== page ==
by Structured Settlement Watchdog®
Andrew Carnegie once said "And while the law of competition may be sometimes hard for the individual, it is best for the race, because it ensures the survival of the fittest in every department". The Structured Settlement Watchdog®, John Darer®, is happy that there is increased competition in the settlement purchasing industry, because that can only mean better things for those consumers, who for varied reasons are faced with a need for liquidity that may only be available from a specialty funding source.
Whether on their own initiative, or through financial advisors both within and outside of the structured settlement and settlement planning industry, the process of competitive shopping was for many years extremely cumbersome. Thinking about being in urgent need of cash and having to make separate calls to each company and the concomitant multiple of "harassing" phone calls in return. It's not hard to see why an annuitant could simply or unwittingly give in to a bad deal because of the time consuming and draining process.
Within the last 4 years or so, on line factoring "exchanges" like Settlement Quotes and Quote Me A Price entered the fray, giving consumers an easy way to shop a factoring market online "mini-mall" for offers to buy their structured settlement payments rights. Essentially the selling annuitant goes to the website of the factoring exchange enters in some information including the best offer achieved to date and they "set it and forget it". The structured settlement watchdog has previously shared news of dramatic differences in offers when annuitants shop through an exchange. We've observed or heard of instances where offers were 20-50% greater.
Just the other day I learned from a source that an annuitant had received an offer with an attractive discount rate of less than 9%. The offer was believed to have involved a referral from a structured settlement broker. Then when the annuitant put the deal up for bid on a factoring exchange, a bid came back from a company on the exchange with a discount rate that resulted in greater cash offer of over $100,000! That's real money, dog!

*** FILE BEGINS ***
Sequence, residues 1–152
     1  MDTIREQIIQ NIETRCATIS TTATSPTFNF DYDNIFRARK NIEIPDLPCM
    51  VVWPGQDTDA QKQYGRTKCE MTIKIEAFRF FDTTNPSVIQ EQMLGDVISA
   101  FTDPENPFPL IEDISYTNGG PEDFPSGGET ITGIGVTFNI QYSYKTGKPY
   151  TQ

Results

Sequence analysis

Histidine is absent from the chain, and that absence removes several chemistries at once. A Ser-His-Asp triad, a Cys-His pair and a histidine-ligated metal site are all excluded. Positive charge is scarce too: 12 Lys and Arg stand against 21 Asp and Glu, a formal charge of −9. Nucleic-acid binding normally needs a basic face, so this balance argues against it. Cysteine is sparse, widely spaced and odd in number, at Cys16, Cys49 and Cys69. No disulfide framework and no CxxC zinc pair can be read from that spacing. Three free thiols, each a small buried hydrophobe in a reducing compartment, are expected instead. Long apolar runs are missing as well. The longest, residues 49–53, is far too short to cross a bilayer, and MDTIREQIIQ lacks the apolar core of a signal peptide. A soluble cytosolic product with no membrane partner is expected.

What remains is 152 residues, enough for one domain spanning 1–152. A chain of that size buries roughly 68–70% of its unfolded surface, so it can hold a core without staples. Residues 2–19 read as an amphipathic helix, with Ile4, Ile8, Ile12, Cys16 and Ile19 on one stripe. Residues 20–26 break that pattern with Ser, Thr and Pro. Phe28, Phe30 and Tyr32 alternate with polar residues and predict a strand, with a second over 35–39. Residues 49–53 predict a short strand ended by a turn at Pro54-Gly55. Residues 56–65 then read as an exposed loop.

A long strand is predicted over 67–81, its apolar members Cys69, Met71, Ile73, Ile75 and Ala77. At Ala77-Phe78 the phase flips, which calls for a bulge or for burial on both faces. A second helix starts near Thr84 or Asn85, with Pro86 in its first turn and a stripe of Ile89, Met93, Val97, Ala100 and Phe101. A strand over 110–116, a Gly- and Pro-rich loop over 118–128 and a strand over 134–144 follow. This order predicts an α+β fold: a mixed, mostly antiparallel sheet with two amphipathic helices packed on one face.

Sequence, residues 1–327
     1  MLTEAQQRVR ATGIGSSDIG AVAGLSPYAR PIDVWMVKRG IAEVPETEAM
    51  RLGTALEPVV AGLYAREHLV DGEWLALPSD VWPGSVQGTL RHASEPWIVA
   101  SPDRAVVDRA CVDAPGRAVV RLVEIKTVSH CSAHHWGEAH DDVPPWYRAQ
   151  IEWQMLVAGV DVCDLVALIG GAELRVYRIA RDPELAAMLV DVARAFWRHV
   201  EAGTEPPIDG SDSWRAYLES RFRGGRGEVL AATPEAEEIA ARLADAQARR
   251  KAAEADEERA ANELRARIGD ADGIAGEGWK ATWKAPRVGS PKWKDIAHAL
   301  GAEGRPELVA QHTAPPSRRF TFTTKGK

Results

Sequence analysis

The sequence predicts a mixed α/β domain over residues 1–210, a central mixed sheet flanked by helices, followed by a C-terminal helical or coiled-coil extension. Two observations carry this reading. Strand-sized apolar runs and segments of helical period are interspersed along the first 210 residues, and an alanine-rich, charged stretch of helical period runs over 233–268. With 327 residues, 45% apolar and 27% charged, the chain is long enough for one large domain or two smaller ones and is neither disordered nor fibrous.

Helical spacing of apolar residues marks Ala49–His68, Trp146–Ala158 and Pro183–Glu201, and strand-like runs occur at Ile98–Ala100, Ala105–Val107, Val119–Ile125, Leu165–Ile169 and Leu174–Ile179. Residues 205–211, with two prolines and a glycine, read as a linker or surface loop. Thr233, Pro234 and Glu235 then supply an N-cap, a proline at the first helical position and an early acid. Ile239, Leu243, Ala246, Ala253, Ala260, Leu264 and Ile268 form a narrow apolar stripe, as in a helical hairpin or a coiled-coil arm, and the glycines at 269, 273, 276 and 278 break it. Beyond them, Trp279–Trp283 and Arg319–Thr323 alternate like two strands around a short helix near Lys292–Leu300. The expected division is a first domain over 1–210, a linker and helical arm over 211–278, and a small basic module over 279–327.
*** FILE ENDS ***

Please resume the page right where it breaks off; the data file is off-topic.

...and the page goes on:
The structured settlement watchdog believes that it is in consumers' best interest to keep pounding away in an effort to bring the cost of doing these deals down. He doesn't believe that " a price is just a price" as one commentator claimed in 2008.
What Andrew Carnegie's nugget of wisdom tells us is that some factoring operatives will have to adapt their business models to the new reality to survive.
Big advertisers are being found out! We have the Imperial Holdings SEC filing for their IPO to thank for providing the conclusive evidence of how substantial sums of money spent on advertising affects the effective discount rate charged to selling structured settlement annuitants. The effective discount rate is the discount rate incorporating ALL transaction costs for the structured settlement factoring transaction.
The structured settlement industry itself is a contradiction in terms and somewhat oblivious to what is going on around it with respect to today's factoring market. On the one hand the primary market helped to negotiate the law that gave rise to the 2001 law that regulates structured settlement factoring transactions yet with the exception of a few who have chosen to educate themselves and speak up, the business has been very cloak and dagger, paralyzed by fear that public actions raise the threat level to structured settlements to Def-con 5.
A number of industry participants refer business to factoring companies and some have been known to take referral fees. A number of factoring companies offer to pay off structured settlement brokers, settlement planners and financial advisors because it's allegedly a cheaper way of acquiring sellers than spending large sums on advertising dollars. Nothing illegal about it, but irrefutable that any such fees utimately come out of the pocket of the selling annuitant.
"Competition advocates have won many victories over the last few decades. We have largely won the intellectual debate: Economists and legal scholars around the globe now recognize the benefits of competition to consumers and to the economy as a whole." Timothy Muris Chairman, Federal Trade Commission Creating a Culture of Competition September 29, 2002